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The innards are all overlocked, but I used the sewing manchine for the construction.  Unlike the two versions made for Daughter No1, this one has the original front fly zip, belt loops and long tie belt.  All the elements work on this one.  All I eliminated was the back flap that hints at a pocket there, but has none.  I might add an actual pocket to another version as it’s usually handy to have a back pocket for your phone.

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The construction was pretty straight forward, the facings and fly zip guard construction is the same as another pair of Burda trousers I’ve made hundreds of times so the instructions didn’t phase me as they seem to have done for some other makers of this pattern.  I made the 36, but ended up taking the waist in so much it probably ended up being a 32!  I graded out to the 38 over the hip and then back to the 36.  The crotch depth was lengthened by 1cm.  Daughter No2 is pretty tall and the finished length was perfect.

island 1 She’s having a fabulous holiday exploring Madeira and eating her way around the island!  She is definitely entering the right profession, food is central to her day!  I am going to have to put Madeira on my list of places to visit, her photos have made me very keen to do my own exploring.

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Front details.

In addition to the culottes, I rescued a left over piece of green linen from the scrap box and made the shorts version as well.  There was enough on one piece for the front and back, and thankfully I found another piece for the pockets, facings and turn-ups (they aren’t supposed to be separate but I had no choice…).

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Green linen culotte shorts

It was only when the shorts were 99% finished that I realised that it wasn’t a trick of the light, or my tired eyes that made it look like there were two shades of green on the shorts.  OOPS!!  The other piece of green linen wasn’t the same!  Oh dear, I hope it looks like it was supposed to be like this, a design feature!!  The perils of using scraps I guess!  I’m very slowly working on reducing the stash of fabrics, both whole pieces and those pesky scraps and left-overs.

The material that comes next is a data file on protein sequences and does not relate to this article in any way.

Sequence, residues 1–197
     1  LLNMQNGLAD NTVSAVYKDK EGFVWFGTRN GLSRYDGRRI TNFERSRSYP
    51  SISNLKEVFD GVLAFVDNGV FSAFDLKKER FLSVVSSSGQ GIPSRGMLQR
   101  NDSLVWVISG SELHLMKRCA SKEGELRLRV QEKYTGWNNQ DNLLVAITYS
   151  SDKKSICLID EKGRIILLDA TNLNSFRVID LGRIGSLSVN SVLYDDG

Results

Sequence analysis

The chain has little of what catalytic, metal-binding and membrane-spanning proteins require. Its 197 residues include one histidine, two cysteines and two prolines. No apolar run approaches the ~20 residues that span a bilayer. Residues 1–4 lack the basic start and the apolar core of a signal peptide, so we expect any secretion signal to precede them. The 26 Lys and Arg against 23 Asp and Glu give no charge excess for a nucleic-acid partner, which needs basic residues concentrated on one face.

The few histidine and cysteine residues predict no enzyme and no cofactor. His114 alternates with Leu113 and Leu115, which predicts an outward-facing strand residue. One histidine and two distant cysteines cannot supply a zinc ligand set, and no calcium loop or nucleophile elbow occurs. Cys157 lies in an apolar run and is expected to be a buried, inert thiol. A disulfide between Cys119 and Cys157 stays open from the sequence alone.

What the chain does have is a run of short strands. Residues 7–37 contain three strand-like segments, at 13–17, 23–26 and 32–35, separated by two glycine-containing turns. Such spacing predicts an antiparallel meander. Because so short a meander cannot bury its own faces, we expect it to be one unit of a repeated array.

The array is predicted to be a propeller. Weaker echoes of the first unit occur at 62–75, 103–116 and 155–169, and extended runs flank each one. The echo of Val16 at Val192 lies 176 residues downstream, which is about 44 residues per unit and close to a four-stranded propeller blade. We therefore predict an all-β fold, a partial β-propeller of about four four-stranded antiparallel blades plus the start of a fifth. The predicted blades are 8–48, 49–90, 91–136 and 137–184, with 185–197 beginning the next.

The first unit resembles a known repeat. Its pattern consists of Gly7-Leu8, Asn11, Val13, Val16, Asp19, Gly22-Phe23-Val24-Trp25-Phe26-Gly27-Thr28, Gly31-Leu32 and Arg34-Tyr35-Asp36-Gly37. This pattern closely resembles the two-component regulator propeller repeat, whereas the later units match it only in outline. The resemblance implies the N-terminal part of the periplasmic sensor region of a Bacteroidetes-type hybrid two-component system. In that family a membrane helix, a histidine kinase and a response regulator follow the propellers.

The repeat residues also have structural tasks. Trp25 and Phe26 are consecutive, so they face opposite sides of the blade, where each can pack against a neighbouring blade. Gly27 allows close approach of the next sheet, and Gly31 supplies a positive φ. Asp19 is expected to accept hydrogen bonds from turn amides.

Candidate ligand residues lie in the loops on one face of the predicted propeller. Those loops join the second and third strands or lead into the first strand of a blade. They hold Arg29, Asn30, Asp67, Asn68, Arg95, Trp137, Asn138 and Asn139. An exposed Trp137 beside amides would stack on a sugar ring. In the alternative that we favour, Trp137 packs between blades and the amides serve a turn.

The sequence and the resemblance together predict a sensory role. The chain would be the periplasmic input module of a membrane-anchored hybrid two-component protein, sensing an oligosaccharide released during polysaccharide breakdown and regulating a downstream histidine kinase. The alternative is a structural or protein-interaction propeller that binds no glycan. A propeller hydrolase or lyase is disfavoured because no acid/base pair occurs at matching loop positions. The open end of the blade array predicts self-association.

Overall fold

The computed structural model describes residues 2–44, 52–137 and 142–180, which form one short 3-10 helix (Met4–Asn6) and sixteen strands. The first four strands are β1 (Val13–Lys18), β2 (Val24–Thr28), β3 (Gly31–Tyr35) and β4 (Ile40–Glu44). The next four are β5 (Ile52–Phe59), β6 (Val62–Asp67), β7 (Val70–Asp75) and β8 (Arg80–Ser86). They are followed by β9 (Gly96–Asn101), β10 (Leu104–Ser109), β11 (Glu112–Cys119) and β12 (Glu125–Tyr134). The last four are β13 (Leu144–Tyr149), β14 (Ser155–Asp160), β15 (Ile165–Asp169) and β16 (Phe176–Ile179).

Catching up on May

So, May did a disappearing act on me and now it’s halfway through June!!  I have a couple of makes to show you, the first is in keeping with my reuse policy.  I made a pair of viscose border print trousers last year in South Africa and packed all the left over bits of fabric in my suitcase, bringing them all home.  I was determined to make use of it!

I decided to try my new favourite pattern, 105 from Burdastyle magazine February 2016.  The panels make it an ideal pattern for fabric that is in bits!  I arranged the pattern pieces to make the best use of the remaining fabric I had, using the selvage edge of the border for the hem.  I did pretty well and have only really small scraps left over.

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Mosaic Top, Burda 105 February 2016

I think this is my favourite version so far, it’s so soft and drapey!  On this one I tweaked the neckline, making a small dart to stop some of the gaping that occurs on the first two I made.  It’s worked well!  The button is from the stash, part of a vintage collection I picked up at an antiques shop.

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I’ve French Seamed all the innards so it’s as pretty on the inside as it is on the outside.  I love it so much that it featured 4 times in Me Made May!  It’s the only top I repeated like this!

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Day 10

With my navy linen trousers made last year.

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Day 15

With my Birkin Flares.